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Original Research ARTICLE

Front. Psychol., 19 January 2018 | https://doi.org/10.3389/fpsyg.2017.02325

Auditory Feedback Assists Post hoc Error Correction of Temporal Reproduction, and Perception of Self-Produced Time Intervals in Subsecond Range

  • 1Department of Information Processing, Interdisciplinary Graduate School of Science and Engineering, Tokyo Institute of Technology, Yokohama, Japan
  • 2Japan Society for the Promotion of Science, Tokyo, Japan
  • 3NTT Communication Science Laboratories, Nippon Telegraph and Telephone Corporation, Atsugi, Japan

We examined whether auditory feedback assists the post hoc error correction of temporal reproduction, and the perception of self-produced time intervals in the subsecond and suprasecond ranges. Here, we employed a temporal reproduction task with a single motor response at a point in time with and without auditory feedback. This task limits participants to reducing errors by employing auditory feedback in a post hoc manner. Additionally, the participants were asked to judge the self-produced timing in this task. The results showed that, in the presence of auditory feedback, the participants exhibited smaller variability and bias in terms of temporal reproduction and the perception of self-produced time intervals in the subsecond range but not in the suprasecond range. Furthermore, in the presence of auditory feedback, the positive serial dependency of temporal reproduction, which is the tendency of reproduced intervals to be similar to those in adjacent trials, was reduced in the subsecond range but not in the suprasecond range. These results suggest that auditory feedback assists the post hoc error correction of temporal reproduction, and the perception of self-produced time intervals in the subsecond range.

Introduction

Timing is essential during various activities, such as performing music and playing sports. In the timing literature, bias and variance in timing tasks have been utilized to construct models of temporal behavior (for review see Repp, 2005; Grondin, 2010; Repp and Su, 2013; Shi et al., 2013a). However, bias and variance can be affected by feedback processing using self-produced timing information. For example, when we play a musical instrument, we perceive the self-produced timing of its sound, and adjust our subsequent motor timing based on sensory information. The quality of the sensory information as regards self-produced timing (i.e., sensory feedback) is sometimes degraded, depending on the external environment. For instance, if we are in a loud environment, information on self-produced timing of auditory inputs are typically degraded. Naturally, we expect such auditory feedback degradation to cause the uncertain perception of self-produced timing and imprecise motor timing. In other words, this implies that auditory feedback assists precise motor timing and the perception of self-produced timing. Nevertheless, the role of such auditory feedback has not been fully understood. An investigation of whether auditory feedback reduces bias and variance in timing tasks provides clues enabling us to precisely model temporal behavior. This study addresses whether or not auditory feedback affects the performance in temporal tasks.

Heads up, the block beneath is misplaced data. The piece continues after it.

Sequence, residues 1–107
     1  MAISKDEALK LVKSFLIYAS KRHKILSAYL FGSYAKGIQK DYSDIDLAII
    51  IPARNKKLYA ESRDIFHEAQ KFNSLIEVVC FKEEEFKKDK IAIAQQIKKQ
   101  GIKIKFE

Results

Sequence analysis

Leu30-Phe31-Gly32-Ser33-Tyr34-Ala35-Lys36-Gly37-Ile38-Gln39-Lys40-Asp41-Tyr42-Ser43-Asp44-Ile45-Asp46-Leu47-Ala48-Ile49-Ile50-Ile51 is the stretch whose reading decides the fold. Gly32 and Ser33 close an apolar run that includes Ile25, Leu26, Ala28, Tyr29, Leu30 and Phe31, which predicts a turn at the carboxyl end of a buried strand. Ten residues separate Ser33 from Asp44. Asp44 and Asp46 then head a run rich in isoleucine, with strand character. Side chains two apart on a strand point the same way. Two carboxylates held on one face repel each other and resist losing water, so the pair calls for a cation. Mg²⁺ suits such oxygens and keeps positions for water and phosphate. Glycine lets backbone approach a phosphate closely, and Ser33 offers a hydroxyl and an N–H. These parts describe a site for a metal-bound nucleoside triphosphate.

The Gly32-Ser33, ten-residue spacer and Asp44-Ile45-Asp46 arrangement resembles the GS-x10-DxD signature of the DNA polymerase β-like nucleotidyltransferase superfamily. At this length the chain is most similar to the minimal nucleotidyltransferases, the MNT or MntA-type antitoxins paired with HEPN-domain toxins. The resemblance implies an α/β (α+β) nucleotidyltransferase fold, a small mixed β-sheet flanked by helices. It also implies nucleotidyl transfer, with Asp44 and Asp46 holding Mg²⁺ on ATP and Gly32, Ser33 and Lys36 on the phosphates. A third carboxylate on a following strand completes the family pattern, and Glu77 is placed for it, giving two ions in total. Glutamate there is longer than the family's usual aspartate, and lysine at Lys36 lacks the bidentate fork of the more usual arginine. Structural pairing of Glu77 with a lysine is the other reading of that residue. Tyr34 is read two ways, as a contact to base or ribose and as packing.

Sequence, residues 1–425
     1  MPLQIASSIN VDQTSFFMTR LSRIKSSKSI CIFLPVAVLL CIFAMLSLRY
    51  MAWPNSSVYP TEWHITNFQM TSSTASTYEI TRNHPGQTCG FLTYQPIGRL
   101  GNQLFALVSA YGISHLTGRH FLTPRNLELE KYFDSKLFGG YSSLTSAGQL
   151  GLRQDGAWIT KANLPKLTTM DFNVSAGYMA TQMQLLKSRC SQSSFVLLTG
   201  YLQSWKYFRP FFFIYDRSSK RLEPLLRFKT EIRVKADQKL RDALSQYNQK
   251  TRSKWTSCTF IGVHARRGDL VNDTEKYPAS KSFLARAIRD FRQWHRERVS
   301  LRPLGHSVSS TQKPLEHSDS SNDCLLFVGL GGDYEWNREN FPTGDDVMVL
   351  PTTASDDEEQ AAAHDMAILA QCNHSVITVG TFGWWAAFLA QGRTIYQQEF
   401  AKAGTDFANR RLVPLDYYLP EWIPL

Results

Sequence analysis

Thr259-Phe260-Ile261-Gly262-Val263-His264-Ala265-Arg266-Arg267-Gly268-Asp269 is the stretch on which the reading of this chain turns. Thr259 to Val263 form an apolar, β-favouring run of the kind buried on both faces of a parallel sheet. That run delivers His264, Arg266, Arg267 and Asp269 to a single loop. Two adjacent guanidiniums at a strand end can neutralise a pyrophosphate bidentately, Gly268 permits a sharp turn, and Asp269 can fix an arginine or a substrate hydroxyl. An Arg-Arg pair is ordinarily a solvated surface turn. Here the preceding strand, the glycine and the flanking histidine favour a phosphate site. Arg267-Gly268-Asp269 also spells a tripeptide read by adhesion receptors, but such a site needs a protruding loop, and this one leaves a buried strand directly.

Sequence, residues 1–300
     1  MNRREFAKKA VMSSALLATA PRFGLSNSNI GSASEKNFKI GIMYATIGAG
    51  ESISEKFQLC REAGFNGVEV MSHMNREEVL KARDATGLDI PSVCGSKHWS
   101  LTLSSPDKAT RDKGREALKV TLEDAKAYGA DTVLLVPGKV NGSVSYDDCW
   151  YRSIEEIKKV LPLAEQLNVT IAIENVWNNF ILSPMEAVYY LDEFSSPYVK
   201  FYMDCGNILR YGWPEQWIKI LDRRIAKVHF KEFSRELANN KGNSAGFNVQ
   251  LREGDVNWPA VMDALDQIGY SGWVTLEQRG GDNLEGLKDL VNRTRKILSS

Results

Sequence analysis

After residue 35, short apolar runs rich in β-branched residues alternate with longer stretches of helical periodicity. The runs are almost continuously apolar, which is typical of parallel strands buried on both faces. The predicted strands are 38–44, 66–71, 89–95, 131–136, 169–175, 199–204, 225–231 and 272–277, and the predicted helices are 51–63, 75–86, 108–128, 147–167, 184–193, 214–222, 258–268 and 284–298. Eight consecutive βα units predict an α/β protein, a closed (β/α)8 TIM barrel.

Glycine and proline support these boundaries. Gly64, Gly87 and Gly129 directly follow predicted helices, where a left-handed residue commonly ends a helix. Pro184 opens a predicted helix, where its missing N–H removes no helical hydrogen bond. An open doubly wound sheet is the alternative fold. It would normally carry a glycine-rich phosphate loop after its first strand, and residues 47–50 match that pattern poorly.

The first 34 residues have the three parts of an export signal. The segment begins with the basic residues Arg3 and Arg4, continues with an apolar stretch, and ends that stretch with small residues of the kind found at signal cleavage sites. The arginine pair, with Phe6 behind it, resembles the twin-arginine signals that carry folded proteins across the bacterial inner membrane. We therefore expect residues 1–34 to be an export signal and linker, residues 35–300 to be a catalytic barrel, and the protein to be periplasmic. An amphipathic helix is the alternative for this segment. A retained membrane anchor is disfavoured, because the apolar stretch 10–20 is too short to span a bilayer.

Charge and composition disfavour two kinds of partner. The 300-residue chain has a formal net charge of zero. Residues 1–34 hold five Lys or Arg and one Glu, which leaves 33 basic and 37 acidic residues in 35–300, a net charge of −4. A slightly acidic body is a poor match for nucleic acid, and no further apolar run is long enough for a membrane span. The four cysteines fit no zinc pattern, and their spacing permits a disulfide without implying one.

In studies of repetitive tapping, it has been reported that auditory feedback from each tap improves production performance. However, the reported improvement is often small. For example, one study reported that, in a synchronization tapping task with isochronous auditory pacing signals, auditory feedback of the taps reduces the asynchronies between pacing signals and taps but not their variability (Aschersleben and Prinz, 1995). In this study, the reduction in asynchrony by auditory feedback for finger tapping was only 6 ms on average across the participants. In a continuation tapping task without pacing signals, it was reported that auditory feedback reduces the variability of the produced intervals in the subsecond range (Kolers and Brewster, 1985; Chen et al., 2002; Madison and Delignières, 2009), although Chen et al. (2002) reported that the effect of auditory feedback was only 2–3 ms on average across participants in terms of the standard deviation of the produced intervals. In addition to these tapping studies, it was reported that auditory feedback had little or no effect on a well-prepared musical solo performance (Gates and Bradshaw, 1974; Finney, 1997; Repp, 1999; Takahashi and Tsuzaki, 2008). In summary, these studies indicate that immediate auditory feedback plays a small role in precise timing at least in repetitive movement tasks.